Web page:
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New Housing Initiatives announced in Federal Budget

New Housing Initiatives announced in Federal Budget

The Federal Government has announced a number of new initiatives in its 2019 Federal Budget to help make home ownership more affordable for 1st time buyers.

The Government announced the First Time Home Buyer Incentive in the Budget today.

The Incentive allows qualified buyers to finance up to 10 percent of the purchase price of their home through a CMHC shared equity mortgage, on which they wouldn’t have to make any ongoing payments.

So if a qualified buyer purchased a new $400,000 home with a $20,000 downpayment, the borrower’s mortgage would be reduced from $380,000 to $340,000, reducing the monthly mortgage costs by as much as $228 per month.

The CMHC will offer a 10 percent shared equity mortgage for new homes, and a 5 percent shared equity mortgage for existing homes.

The larger percentage for new home sales is aimed at encouraging more new home construction, which has been declined sharply in many parts of the country, including Saskatchewan.

Budget 2019 also proposes to increase the Home Buyers’ Plan withdrawal limit from $25,000 to $35,000, providing first-time home buyers with greater access to their Registered Retirement Savings Plan savings to buy a home.

The budget also pledges to help build 42,500 new housing units across Canada, with a particular focus in areas of low rental supply, through an expanded Rental Construction Financing Initiative.

The Rental Construction Financing Initiative provides just under 4 billion dollars in low cost loans to support the construction of new Rental Housing in Canada.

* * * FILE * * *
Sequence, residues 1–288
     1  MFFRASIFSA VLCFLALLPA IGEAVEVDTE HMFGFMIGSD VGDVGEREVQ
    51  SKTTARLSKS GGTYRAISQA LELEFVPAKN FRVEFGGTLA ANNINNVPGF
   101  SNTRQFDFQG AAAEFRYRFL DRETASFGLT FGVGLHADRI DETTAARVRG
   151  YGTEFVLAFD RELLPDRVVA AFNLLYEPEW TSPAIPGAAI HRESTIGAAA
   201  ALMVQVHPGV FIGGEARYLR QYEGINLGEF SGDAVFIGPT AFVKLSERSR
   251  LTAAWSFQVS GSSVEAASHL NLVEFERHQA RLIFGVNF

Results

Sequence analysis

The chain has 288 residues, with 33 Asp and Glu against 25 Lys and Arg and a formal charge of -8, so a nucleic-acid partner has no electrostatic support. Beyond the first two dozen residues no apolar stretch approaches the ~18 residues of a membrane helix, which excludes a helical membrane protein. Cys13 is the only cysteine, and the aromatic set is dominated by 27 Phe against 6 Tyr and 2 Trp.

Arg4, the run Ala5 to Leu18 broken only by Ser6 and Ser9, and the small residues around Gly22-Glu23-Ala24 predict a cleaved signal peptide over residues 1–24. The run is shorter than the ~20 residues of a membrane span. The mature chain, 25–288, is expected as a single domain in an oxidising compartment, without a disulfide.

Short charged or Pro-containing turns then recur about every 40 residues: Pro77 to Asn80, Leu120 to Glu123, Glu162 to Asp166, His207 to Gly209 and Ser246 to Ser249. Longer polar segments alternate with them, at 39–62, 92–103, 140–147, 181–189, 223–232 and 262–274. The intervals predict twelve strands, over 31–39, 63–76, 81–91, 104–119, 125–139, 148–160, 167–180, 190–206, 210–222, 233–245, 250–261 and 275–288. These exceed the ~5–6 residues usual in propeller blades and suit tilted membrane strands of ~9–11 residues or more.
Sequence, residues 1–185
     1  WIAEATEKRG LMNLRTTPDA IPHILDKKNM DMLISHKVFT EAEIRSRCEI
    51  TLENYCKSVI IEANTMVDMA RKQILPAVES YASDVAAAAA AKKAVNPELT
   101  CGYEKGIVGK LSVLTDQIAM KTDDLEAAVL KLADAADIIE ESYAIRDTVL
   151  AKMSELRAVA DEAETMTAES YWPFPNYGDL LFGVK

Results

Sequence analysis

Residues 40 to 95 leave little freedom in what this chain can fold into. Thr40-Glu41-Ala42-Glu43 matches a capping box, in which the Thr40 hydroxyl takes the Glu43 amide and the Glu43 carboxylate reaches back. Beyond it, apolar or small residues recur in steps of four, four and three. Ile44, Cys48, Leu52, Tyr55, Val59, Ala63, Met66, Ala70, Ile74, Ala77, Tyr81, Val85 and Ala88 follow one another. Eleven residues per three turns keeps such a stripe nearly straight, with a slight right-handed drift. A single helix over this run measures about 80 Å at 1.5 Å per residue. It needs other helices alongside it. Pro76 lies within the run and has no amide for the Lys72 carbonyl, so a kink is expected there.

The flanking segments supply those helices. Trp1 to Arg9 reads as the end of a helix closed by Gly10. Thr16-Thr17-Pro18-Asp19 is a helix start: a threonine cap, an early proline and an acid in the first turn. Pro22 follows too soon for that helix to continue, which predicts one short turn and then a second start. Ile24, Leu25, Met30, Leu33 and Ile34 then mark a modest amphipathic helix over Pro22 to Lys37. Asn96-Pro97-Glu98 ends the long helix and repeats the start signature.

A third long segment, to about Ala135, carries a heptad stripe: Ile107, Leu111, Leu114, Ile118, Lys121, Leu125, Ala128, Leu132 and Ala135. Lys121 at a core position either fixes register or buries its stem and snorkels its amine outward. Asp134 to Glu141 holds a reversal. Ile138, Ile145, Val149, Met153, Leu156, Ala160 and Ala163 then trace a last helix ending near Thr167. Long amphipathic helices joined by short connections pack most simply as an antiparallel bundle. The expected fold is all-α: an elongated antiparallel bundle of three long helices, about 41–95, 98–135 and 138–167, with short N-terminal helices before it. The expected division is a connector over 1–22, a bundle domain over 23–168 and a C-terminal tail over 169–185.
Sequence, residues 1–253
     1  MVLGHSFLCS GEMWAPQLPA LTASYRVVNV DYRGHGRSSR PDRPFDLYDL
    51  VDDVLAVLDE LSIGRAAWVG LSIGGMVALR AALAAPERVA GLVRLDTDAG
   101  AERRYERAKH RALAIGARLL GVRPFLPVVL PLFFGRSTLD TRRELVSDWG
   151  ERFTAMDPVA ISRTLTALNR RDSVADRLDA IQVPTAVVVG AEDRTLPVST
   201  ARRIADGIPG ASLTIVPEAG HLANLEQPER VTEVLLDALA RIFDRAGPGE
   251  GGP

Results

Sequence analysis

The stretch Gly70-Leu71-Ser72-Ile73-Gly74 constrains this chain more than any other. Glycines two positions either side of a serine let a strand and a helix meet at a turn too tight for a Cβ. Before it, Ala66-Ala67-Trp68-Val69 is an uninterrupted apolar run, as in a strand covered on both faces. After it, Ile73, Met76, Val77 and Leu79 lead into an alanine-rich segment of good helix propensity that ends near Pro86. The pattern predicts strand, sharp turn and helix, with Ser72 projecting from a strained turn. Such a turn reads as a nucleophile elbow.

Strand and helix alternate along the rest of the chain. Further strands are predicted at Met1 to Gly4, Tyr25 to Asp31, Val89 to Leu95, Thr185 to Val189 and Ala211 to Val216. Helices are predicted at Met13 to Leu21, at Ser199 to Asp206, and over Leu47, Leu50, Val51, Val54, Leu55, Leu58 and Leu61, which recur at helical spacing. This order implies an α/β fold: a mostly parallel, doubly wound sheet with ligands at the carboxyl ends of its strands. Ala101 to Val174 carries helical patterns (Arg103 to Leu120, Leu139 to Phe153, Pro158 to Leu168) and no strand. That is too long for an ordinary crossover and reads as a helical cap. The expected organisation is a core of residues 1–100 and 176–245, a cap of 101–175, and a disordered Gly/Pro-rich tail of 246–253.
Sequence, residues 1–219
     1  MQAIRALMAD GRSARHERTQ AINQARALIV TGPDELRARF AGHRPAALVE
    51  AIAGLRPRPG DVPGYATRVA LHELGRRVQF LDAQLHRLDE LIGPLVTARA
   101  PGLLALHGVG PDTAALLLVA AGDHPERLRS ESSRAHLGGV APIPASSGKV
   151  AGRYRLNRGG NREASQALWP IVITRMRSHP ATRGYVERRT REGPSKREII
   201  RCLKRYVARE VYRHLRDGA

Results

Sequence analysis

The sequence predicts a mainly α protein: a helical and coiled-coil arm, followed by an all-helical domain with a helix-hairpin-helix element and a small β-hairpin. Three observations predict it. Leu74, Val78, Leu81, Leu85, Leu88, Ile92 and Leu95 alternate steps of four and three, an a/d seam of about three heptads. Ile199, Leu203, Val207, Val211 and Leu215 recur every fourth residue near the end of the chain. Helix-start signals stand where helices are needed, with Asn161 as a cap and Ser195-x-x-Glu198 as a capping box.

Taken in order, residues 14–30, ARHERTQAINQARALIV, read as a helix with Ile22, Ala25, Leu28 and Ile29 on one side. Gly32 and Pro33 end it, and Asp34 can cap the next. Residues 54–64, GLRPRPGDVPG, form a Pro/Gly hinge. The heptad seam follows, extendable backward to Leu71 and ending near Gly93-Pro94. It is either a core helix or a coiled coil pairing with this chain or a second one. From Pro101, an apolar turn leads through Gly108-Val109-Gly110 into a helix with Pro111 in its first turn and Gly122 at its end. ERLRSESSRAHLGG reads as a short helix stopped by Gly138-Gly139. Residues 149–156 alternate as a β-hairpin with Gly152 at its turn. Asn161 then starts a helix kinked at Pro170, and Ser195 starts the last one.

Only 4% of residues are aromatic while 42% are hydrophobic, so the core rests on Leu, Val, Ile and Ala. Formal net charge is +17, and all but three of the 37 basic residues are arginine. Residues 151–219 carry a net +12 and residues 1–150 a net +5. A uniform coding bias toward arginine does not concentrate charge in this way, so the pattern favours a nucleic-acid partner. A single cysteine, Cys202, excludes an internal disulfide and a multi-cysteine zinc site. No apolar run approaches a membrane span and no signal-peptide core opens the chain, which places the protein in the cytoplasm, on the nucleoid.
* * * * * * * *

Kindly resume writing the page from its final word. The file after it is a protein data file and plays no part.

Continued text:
The budget is also pledging to crack down on tax non-compliance and money-laundering in the housing market, which has become a big problem in Canada’s largest cities, especially Vancouver and Toronto.

The budget didn’t make any changes to the new Mortgage Stress Test, which requires that buyers are able to qualify for a mortgage at 2 percentage points higher than the rate they are being offered. The Stress Test went into effect on January 1, 2018, and has been largely blamed for a drop in house prices, house sales, and the housing industry in general since it went into effect.

Will the new initiatives have an impact on Canada’s struggling housing market, and make it easier for people to purchase homes in Canada? Let’s hope so – what do you think?

 

 

 

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Dale Neufeld

I am the co-owner, and co-founder of saskhouses.com

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